In May of this year (2021) we visited the site of the Myall Creek massacre.
Myall Creek is a place, where, in 1838, a group of twenty-eight Indigenous people, sitting peacefully around a campfire chatting and working, were brutally killed.
The group consisted mainly of women and children, with a couple of old men, no longer able to go hunting.
The young men of the tribe had gone after food for their families.
A group of colonists who came upon the group, simply massacred them.
Now, a warning here: These peaceful people were not shot, they were savagely massacred; their bodies chopped and slashed into unrecognisable pieces, heads were severed - by white men who objected to ‘Natives’ being on ‘their’ land.
This was not an isolated case of murder, committed by white men. The victims were First Nations people, going about the activities they had been involved in for thousands of years. Similar atrocities happened elsewhere.
The reason that the Mile Creek Massacre is often mentioned is that it was the first time the colonial administration created laws making Aboriginal people equal in the law.
As a consequence, the murderous Colonists were arrested and seven of them executed.
The site today is a peaceful place. There is a gentle path winding around the hilltop, over which some bodies were thrown in 1838. Information plaques offer some of the story and people have built small memorial rock cairns along the way.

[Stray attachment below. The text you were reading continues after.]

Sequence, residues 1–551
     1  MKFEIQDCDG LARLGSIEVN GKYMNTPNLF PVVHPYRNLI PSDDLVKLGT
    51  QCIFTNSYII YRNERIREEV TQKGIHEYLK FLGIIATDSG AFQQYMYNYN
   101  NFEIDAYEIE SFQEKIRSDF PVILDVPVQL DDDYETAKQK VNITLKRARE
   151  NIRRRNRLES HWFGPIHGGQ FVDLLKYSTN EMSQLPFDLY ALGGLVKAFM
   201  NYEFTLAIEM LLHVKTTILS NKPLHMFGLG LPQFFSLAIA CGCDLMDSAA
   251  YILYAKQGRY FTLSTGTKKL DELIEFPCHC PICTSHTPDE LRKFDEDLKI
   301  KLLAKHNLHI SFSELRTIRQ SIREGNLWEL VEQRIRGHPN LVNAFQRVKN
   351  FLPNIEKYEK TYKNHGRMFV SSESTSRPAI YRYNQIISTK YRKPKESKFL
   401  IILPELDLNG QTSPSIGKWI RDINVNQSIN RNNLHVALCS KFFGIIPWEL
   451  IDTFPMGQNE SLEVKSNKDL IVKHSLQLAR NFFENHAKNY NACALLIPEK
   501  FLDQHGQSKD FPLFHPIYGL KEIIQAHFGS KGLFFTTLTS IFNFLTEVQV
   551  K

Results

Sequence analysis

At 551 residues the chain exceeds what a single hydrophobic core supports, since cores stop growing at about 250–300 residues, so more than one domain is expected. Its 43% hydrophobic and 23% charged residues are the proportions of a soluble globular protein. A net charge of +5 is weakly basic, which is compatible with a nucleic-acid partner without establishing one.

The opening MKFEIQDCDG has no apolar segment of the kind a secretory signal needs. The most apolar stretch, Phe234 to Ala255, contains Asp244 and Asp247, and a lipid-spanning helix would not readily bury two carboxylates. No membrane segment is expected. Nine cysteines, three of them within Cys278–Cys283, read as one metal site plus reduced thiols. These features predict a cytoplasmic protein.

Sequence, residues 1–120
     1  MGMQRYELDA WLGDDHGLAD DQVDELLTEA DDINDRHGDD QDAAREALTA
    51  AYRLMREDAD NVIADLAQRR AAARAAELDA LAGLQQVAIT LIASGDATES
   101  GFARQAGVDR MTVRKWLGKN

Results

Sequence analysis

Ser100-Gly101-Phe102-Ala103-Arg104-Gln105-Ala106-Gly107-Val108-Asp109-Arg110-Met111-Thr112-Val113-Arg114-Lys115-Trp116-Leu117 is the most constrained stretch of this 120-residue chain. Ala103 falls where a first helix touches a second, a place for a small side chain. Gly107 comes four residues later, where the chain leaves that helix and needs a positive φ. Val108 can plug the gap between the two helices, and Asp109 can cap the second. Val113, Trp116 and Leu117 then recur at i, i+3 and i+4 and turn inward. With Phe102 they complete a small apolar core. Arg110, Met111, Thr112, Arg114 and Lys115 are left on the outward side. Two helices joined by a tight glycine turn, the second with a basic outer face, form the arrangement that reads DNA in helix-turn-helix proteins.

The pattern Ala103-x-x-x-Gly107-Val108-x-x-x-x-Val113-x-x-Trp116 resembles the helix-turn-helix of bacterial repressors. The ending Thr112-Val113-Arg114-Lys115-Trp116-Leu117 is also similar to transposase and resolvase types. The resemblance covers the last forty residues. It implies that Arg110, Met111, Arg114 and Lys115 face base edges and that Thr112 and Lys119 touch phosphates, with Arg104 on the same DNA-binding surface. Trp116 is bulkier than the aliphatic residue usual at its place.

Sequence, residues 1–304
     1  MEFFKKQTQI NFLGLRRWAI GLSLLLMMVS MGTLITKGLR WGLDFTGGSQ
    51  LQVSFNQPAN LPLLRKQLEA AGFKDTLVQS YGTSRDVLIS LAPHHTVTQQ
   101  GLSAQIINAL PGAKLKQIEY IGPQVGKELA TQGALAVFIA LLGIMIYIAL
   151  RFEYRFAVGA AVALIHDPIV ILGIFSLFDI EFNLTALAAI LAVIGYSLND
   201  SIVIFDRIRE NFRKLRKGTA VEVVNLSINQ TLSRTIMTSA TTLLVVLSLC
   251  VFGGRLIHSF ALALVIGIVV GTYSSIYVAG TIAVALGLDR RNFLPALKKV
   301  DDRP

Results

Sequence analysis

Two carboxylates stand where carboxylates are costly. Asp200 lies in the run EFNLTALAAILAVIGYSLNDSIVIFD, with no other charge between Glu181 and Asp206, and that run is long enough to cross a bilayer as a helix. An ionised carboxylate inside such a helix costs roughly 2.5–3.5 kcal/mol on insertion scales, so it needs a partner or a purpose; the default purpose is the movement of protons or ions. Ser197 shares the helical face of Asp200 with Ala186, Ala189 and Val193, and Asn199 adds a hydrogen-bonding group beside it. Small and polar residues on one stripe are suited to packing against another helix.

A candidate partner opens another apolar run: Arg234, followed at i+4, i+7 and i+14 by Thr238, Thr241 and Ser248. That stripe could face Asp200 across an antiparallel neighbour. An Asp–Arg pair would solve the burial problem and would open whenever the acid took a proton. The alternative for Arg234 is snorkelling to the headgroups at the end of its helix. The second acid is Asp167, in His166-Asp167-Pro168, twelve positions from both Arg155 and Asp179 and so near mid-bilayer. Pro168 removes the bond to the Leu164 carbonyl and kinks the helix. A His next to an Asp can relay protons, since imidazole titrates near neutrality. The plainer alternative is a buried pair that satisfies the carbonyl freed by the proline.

To walk along the path, on a peaceful, blue-sky day, surrounded by eucalypt trees and bird song is very moving, as visitors take in the meaning of the site.
It is hard not to feel emotion and even blink back a tear, while also being horrified at the details of such a happening.
Despite its horrendous history, it is somehow a beautiful place; and very peaceful.
Up until NOW.
We have just seen in the News, that someone has desecrated this peaceful site, with racist words and wreckage.
I cannot fathom the ignorance and mindless action that would make someone do this.
Myall Creek is not a ‘handy’ place to visit. These fools must have planned such an action. Surely not, but why else would they have visited?
It is unimaginable that this could happen. It seems that 183 years later, there are bigoted and racist individuals still to learn the meaning of equality.
I choose to comment on social issues and write creatively on a variety of subjects - for a variety of audiences.